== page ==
Luke is an 18-month-old toddler who is engaged in attempting to place shapes in the shape sorter. Suddenly, he hears another object on the other side of the room start to play music. He moves away from the shape sorter and walks toward the music object. He pushes the buttons on the new object and observes them for a brief period. His caregiver, Sarah, walks into the room and gestures for him to join her. Luke walks to the other side of the room and first picks up the shape sorter before walking back over to Sarah. He hands it over to Sarah. Sarah says, “Oh, you want me to play with you?” Sarah sits down on the floor, as Luke does the same. Sarah empties the shape sorter and grabs one shape and drops it into the bucket. Luke then begins to do the same, one shape at a time. When he is done, he hands the shape sorter to Sarah. She empties it out and begins again. Luke finishes placing all the shapes in the sorter and then stands up. He walks away and begins to play with a toy car. Sarah watches him, but does not engage with him.

THIS EXAMPLE HIGHLIGHTS how young children use objects to engage and maintain engagement with their caregivers, and how caregivers can structure interactions to support children in attending to items. Luke plays independently, but is interrupted by another object that catches his attention. When he sees his caregiver, Sarah, he walks back to the shape sorter and hands it to her. Clearly, Luke is still interested in the shape sorter but may need more interaction to remain interested. He is easily distracted by other objects in the room. However, once Sarah sits with him, he is completely engaged, and is able to maintain this engagement by handing Sarah the shape sorter again. Once he is done, he simply disengages from the interaction by walking away. Sarah supports Luke’s play by following his lead. She waits for Luke to initiate and lead the interaction, and he does. Sarah also knows that if he wants her to share in the interaction with the toy car, he will reach out to her once again.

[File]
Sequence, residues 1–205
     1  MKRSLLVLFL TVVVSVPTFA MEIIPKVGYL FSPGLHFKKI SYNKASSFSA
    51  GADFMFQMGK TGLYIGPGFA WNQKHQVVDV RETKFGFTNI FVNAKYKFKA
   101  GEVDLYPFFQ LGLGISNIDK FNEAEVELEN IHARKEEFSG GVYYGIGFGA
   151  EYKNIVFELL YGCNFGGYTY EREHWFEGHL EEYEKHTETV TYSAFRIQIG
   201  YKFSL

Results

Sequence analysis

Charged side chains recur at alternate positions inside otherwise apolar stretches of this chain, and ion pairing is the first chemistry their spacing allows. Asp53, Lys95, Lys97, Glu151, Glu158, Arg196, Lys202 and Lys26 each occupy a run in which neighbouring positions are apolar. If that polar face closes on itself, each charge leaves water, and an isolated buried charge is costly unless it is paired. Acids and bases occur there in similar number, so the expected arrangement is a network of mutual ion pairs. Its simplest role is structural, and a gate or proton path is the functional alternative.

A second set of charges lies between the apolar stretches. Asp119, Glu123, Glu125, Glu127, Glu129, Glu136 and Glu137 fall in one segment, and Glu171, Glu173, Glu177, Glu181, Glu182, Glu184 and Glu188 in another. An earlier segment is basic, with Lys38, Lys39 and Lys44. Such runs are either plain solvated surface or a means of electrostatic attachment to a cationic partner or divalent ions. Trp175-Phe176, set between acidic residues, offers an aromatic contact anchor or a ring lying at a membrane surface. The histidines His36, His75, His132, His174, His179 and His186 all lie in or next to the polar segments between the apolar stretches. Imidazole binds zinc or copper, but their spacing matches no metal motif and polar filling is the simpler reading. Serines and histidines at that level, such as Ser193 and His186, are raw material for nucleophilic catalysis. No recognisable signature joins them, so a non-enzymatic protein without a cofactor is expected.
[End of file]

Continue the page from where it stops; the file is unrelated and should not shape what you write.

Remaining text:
Discover how this Real World Story is related to:


  1. Shonkoff, J. & Phillips, D. (Eds.). (2000). From neurons to neighborhoods: The science of early childhood development. Washington, D.C.: National Academy Press. Online version
  2. Sheese, B.E., Rothbart, M.K., Posner, M.I., White, L.K., & Fraundorf, S.H. (2008). Executive attention and self-regulation in infancy. Infant Behavior Development, 31(3), 501–510.

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About this resource

Age Levels (the age of the children to whom the article applies):
Reviewed: 2012